Lease Purchase Agreements Continue To Grow In Popularity

Lease Purchase Agreements continue to grow in popularity as a solution for home sellers because it increases the pool of potential home buyers for their property. As with any type of creative financing for home buyers, an agreement which allows a buyer to rent for a period of time before buying the property makes it more appealing to those who either have damaged credit or perhaps a home of their own to sell.

We have written numerous posts explaining the benefits of using a lease purchase contract for selling real estate and for buying real estate, but this weekend we received a question from "LC" who writes:

As a seller, if I sell my home through a lease-purchase, what impact will this have on my ability to qualify for a mortgage on a new home during the lease term?

This is a great question because I believe that we will see so many lease purchases in the future that this scenario will be considered fairly routine for home mortgage lenders. But for LC, the answer is fairly simple and we have dealt with this issue since long before we had the housing bubble and the resulting crash.

Mortgage lenders are looking for a buyer's "willingness and ability" to repay the loan. When a potential home buyer is having his or her credit reviewed, an existing lease purchase agreement is going to have very little impact in terms of "willingness" to repay the loan, but the financial ramifications will definitely be considered when the mortgage underwriter calculates the buyer's "ability" to handle the mortgage payment.

The existing home will be considered both a benefit (the rent received from the property) as well as a liability (the expenses of the property). The lender will want to know the overall impact that the lease purchase will have on the borrowers cash flow, and then that impact will be applied when determining the borrowers total debt-to-income ratio.

Ultimately, an existing lease-purchase agreement will have a positive or negative impact on the borrowers debt-to-income ratio during the term of the lease portion of the contract. The amount of the impact will be based upon how strong of a lease payment is received versus how high the existing loan terms are on the home. It is very possible to "zero out" the amount by getting the rental income to exceed to the mortgage payment by an amount that will satisfy all other expenses on the property.

Blog Posts About Lease Purchase Agreements


#1 By Deborah Garvin at 7/11/2017 3:45 AM

Joe, nice post. One note about "zero-ing out" the mortgage: Generally a lender will use a 25% vacancy factor for purpose of calculating income or debt from a rental property. For example, if the PITI of the property is $1000, the rental income would have to be $1250 to "zero out" the debt.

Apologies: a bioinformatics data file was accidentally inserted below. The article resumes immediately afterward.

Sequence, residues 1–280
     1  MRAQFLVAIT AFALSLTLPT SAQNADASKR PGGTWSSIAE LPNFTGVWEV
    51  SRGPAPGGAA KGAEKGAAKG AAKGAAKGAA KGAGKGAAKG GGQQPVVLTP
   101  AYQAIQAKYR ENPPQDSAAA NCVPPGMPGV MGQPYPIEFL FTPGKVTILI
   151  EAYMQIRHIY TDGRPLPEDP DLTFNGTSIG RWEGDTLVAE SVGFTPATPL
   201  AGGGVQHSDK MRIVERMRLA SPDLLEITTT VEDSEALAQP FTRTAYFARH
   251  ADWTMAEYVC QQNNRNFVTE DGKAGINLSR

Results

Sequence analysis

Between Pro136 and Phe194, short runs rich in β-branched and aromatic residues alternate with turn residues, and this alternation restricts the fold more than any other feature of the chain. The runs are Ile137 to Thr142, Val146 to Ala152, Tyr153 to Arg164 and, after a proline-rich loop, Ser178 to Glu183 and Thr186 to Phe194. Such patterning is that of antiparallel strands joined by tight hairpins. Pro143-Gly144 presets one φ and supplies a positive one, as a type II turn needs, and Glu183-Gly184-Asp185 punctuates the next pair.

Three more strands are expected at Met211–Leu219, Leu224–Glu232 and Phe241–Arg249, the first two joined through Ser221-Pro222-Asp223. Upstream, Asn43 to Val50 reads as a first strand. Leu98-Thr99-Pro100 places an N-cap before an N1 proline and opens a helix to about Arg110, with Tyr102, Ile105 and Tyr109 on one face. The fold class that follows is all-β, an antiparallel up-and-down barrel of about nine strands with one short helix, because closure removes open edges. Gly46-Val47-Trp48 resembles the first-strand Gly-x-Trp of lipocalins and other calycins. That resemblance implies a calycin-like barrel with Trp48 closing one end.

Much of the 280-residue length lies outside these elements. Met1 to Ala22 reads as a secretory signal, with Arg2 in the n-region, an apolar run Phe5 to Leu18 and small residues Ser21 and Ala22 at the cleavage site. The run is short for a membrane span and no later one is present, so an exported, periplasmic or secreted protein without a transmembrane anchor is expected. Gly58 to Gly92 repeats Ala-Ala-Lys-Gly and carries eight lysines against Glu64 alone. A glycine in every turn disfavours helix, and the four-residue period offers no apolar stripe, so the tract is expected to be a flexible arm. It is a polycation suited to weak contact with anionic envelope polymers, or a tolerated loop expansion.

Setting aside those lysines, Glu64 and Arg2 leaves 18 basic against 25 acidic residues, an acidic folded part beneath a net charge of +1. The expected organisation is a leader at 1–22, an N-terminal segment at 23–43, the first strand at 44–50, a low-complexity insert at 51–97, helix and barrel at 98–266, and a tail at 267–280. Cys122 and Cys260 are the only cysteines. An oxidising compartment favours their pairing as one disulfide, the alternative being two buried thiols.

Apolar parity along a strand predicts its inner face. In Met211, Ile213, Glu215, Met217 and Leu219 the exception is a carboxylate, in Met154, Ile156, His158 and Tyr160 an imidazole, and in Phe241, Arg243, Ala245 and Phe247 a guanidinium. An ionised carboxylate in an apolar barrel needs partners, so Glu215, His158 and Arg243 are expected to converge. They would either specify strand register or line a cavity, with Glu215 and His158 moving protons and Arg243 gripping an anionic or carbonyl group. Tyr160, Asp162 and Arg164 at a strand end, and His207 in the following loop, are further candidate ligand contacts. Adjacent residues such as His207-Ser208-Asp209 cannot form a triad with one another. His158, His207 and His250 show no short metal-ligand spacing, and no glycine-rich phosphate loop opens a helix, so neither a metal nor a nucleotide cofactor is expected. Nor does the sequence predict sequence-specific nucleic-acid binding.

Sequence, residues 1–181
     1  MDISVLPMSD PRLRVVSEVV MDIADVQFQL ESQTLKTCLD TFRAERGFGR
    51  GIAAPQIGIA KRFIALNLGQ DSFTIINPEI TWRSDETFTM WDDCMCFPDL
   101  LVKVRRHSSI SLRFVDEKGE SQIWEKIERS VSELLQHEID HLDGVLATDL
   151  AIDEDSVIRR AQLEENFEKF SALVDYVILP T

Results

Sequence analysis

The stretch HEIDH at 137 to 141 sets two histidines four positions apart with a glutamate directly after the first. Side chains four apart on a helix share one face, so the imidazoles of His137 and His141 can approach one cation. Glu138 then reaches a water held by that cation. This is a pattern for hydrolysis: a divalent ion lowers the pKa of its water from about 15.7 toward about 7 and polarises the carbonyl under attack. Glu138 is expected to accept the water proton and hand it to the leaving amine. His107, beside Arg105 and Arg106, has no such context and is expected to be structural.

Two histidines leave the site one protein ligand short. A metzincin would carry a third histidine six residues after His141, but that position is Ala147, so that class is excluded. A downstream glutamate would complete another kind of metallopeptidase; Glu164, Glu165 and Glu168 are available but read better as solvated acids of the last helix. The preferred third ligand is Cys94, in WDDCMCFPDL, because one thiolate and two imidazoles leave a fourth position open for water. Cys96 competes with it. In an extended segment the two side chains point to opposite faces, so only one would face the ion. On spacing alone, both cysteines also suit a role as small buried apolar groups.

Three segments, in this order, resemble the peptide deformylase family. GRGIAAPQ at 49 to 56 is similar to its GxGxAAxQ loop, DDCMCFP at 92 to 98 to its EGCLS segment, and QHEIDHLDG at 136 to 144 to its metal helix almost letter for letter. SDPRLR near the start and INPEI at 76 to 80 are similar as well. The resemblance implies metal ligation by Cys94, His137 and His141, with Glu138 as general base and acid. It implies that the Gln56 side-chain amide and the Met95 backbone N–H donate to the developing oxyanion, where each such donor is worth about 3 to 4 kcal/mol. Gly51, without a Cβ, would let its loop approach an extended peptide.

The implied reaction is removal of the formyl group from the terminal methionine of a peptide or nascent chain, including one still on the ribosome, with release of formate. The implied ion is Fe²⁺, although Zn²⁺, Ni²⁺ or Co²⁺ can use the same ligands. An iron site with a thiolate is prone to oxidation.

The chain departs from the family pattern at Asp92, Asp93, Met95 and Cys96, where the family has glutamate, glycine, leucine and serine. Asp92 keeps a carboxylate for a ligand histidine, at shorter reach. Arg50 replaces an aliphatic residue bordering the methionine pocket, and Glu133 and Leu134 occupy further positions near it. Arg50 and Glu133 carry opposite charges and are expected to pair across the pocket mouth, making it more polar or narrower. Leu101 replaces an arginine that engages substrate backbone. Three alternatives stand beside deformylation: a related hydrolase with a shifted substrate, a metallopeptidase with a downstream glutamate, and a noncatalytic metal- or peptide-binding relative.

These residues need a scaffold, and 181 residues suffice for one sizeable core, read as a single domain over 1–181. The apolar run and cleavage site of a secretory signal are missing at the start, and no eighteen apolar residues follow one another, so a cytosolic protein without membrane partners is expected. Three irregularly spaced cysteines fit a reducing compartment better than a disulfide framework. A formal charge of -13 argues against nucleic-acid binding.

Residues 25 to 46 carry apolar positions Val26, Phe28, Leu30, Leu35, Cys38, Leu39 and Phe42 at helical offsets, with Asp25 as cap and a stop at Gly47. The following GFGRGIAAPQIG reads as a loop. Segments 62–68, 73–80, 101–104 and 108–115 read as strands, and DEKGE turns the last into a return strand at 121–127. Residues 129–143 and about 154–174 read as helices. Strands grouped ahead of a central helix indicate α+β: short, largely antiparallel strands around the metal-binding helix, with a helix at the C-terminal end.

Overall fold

Also, it is a very good ideal to consult a mortgage professional about the"exit plan" for the buyer on the lease purchase. I have talked with many people through the years that entered into a lease purchase that could not be converted to traditional financing for a myriad of reasons. The most the common issue is that the terms agreed by the lessor/lessee did not conform to the underwriting standards for the future loan. Facts to be aware of: The new lender will usually require a "fair market rent" of the subject property. If fair market is $1000, and the lease payment is $1000, from a underwriting standpoint there would be no accumulation of "down payment" during the term of the lease agreement. Essentially, the acrued "down payment" would be any amounts paid over the fair market rent of the property; irrespective of the agreed amounts on the lease agreement.

I agreed that lease options are a great opportunity for both buyers and sellers;it is just important to plan for the exit from the option period.

#2 By Michael Regan at 7/11/2017 3:45 AM

One thing to note because of the buy and bail policies now in effect, when a buyer is looking to "rent/lease" their current residence, there must be 30% equity in the departing residence to consider the rent/lease income in DTI ratios. An appraisal is done to determine the value. If they don't have 30% equity in their old home, they must qualify using both homes PITI.

I see a lot of sellers trying to do that here with little to no equity in their departing residence and they can't qualify with both payments.

#3 By Joe Manausa, MBA at 7/11/2017 3:45 AM

Thanks Michael and Deborah,

I think you both have hit the heart of the question that "LC" has. I'm curious if the 30% equity is for all loans, just gov loans, etc?

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